So you’re thinking about buying your first piece of real estate? Congratulations!
But before you even begin to comb through real estate listings, you need to make sure you can actually qualify for a mortgage. And the best way to do so is by getting pre-qualified/pre-approved.
That said, the following are some useful “tips for first time home buyers” and seasoned buyers alike to ensure you qualify for the best mortgage possible:
The first thing any potential homeowner should do is obtain a free credit report, either from AnnualCreditReport.com or via a free trial website.
The latter actually provides a credit score so you can see where you stand (what credit score do I need to get a mortgage?). The first link only provides your credit history, which is useful, but you shouldn’t go into a mortgage without knowing your credit scores too.
Once you’ve got your credit report at your fingertips, analyze it and determine what your monthly expenditures are. You will see a monthly payment next to each liability on the credit report. Add up all those payments and jot it down somewhere. These are your total monthly liabilities and will be important when determining how much house you can afford.
Also scan the credit report for derogatory accounts and clean them up as best you can. If you’ve got delinquent accounts, resolve them. If you see collections/charge-offs, call the associated creditors and ask to get them removed (or dispute them online). If everything looks good, you can move on. If not, you may want to work on your credit before applying for a mortgage.
A credit score of 620 or higher is probably the minimum you’ll need before beginning your property search. Just know that the lower your credit score, the higher your mortgage rate, assuming you are able to qualify at all.
*One important note: Do NOT open any new credit accounts or make any large purchases using your credit cards within a few months before applying for a mortgage. This includes buying that plasma screen on a Best Buy card for your new crib. It can drive your credit score down needlessly which will result in a much higher interest-rate.
Now that you’ve got your credit in order, it’s time to figure out how much you can afford. Most banks and lenders allow borrowers to have a debt-to-income ratio up to 45%, though that number has probably dropped post-mortgage crisis. Read more about debt-to-income ratios.
By taking your total liabilities and adding it to a monthly housing payment, and dividing that number by your monthly gross income you’ll come up with your DTI ratio.
Let’s look at an example:
$10,000 monthly gross income
$1,500 total monthly liabilities
We know from the above example that your total monthly payments can’t exceed $4,500, or 45% DTI based on your $10,000 gross monthly income.
So if you already have $1,500 in total monthly liabilities, you can add a housing payment of $3,000 a month. That doesn’t leave much room in this market.
Let’s look at the same example with a housing payment, including taxes and insurance, based on California rates:
$550,000 purchase price
$440,000 loan amount
6.25% interest rate
$2291.66 monthly interest-only payment
$572.92 monthly taxes
$128.33 monthly insurance
$2,992.91 total monthly housing cost
In the above scenario, a prospective homeowner making $10,000 in gross income a month can barely afford a $440,000 loan making just the interest-only payment. What does this tell us?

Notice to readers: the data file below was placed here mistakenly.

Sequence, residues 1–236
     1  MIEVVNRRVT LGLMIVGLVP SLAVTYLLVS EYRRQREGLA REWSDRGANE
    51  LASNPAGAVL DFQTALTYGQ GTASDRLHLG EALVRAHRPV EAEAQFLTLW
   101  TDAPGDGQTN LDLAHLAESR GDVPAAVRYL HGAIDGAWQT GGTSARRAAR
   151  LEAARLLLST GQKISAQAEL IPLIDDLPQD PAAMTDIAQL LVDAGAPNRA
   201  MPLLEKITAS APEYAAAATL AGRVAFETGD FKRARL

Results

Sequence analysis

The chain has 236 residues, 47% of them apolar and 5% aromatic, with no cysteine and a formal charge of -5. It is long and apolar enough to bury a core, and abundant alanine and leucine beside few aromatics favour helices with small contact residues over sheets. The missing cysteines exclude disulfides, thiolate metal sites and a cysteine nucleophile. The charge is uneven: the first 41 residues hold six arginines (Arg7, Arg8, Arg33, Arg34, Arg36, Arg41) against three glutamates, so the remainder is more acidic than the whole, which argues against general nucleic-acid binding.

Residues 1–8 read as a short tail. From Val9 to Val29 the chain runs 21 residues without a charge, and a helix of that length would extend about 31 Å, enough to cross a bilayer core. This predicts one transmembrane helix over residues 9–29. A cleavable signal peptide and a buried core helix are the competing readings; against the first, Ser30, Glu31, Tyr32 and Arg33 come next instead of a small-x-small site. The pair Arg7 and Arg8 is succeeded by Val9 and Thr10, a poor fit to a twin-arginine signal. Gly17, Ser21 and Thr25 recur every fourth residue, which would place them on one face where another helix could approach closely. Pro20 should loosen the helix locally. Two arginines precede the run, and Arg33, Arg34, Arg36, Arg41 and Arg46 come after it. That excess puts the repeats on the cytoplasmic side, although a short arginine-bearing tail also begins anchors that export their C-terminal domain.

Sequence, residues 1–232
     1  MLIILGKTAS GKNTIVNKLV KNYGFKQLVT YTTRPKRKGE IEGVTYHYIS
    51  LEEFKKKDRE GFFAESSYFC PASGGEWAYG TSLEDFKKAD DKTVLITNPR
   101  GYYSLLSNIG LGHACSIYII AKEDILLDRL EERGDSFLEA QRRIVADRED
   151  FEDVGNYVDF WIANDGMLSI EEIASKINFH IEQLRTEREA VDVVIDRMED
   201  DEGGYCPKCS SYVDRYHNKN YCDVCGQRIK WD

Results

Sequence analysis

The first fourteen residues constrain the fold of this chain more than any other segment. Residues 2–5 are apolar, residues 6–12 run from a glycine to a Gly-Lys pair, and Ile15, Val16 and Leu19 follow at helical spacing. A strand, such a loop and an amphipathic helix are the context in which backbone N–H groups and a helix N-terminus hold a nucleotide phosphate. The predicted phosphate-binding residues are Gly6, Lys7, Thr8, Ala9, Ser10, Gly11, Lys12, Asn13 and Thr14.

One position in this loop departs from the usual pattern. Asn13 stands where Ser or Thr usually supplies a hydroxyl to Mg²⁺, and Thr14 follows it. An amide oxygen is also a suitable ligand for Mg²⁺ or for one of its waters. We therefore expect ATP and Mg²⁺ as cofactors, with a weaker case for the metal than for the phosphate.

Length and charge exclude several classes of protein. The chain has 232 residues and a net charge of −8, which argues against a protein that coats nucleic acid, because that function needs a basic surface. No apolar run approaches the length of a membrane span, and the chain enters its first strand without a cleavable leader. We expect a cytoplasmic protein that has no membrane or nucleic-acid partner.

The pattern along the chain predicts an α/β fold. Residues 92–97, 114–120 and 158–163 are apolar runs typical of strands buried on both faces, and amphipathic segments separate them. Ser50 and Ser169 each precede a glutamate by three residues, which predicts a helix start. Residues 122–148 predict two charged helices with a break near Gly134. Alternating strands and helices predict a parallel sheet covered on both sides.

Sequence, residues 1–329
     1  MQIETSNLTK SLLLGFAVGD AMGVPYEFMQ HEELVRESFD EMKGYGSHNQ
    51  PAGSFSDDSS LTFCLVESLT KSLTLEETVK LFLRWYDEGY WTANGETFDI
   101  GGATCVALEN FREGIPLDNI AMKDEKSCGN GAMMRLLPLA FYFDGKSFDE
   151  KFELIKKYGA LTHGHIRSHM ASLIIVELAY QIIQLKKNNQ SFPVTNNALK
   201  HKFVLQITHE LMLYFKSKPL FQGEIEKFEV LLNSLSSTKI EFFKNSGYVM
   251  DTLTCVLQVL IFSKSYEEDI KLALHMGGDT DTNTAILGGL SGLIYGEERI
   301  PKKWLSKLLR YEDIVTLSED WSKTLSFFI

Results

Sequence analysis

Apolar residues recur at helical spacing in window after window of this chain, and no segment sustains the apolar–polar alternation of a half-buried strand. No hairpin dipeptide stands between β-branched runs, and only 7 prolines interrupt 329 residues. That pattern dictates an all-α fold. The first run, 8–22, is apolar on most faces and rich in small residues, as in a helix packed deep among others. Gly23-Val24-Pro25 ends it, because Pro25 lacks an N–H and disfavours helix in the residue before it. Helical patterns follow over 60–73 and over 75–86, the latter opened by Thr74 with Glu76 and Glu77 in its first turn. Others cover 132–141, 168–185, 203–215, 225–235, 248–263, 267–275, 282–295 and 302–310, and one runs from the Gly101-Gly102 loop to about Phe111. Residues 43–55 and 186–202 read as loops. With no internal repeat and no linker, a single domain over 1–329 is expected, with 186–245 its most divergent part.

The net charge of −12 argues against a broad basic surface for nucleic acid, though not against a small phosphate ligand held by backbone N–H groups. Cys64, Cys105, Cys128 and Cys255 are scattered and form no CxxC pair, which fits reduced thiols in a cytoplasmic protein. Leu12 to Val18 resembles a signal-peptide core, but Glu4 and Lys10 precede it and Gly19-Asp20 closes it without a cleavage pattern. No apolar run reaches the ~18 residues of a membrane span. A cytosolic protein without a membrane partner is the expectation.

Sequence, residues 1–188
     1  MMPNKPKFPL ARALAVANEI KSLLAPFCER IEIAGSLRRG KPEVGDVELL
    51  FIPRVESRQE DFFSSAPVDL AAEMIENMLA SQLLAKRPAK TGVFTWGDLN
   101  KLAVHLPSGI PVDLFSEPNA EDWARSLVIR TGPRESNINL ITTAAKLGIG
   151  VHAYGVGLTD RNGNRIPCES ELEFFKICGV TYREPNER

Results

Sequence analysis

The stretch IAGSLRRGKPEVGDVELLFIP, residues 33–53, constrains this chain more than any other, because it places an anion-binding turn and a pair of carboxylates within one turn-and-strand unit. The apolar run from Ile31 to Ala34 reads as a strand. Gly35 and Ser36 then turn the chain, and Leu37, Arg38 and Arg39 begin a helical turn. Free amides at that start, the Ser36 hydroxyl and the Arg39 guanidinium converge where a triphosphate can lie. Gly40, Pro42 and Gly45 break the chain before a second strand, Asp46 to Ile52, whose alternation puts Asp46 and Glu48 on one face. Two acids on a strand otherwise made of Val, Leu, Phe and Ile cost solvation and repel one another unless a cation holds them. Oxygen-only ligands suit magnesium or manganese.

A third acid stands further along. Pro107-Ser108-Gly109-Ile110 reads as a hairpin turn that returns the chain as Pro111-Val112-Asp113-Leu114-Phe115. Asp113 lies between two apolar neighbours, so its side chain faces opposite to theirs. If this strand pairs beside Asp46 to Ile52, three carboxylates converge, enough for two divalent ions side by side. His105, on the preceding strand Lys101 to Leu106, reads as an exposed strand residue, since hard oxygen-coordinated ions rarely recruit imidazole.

It tells us that there are a ton of homeowners out there living paycheck to paycheck and overstating income to qualify for homes they simply can’t afford. At least not in the eyes of banks and lenders that require borrowers to keep their DTI below 45%.
So now you’ve got an idea of what you’ll be able to afford. There are a number of mortgage calculators out there that will give you a better idea of what you can qualify for.
Now that you’ve got your credit profile in check and you know what you can afford, you’ll need to make sure you’ve got a verifiable housing history and seasoned assets.
Most lenders ask that you verify your last 12 months housing history. You can do this with cancelled checks or a VOR (Verification of Rent) from your landlord. This is important to determine the payment shock effect on the borrower.
Liquid assets are always helpful when applying for a loan, and are almost always a necessity for a first-time homebuyer. Make sure you have an account with at least two months PITI (Principal, interest, taxes and insurance) available.
Also make sure the money in said account has been there for at least two consecutive months to ensure that it is seasoned. Banks and mortgage lenders don’t give much weight to unseasoned assets, as any friend, relative, or even a mortgage broker or loan officer can easily dump assets into your account before you apply for a mortgage to boost your net worth.
Now that you’re prepared, it’s time to be vigilant and proactive. Avoid predatory lenders and do your interest rate homework. Check out a rate sheet from the bank or lender that you’re being quoted from. Ask what the interest rate adjustments are. Ask if the loan carries a prepayment penalty and for how long? Get all the facts before you sign anything. And once you like it, lock it!
With all this preparation behind you, the loan flow will be a comfortable process with few surprises. It might not be perfect, but if you follow these rules you will definitely save money and reduce stress!
- Order a free credit report and view your credit scores
- Review your credit and clear up any derogatory accounts
- Do NOT open any new credit accounts or make any large purchases
- Calculate your total monthly liabilities
- Figure out your DTI and what you can afford
- Make sure you have a 12-month verifiable housing history
- Make sure you have a seasoned asset account with at least 2 months PITI
- Do your interest rate homework
- Get pre-approved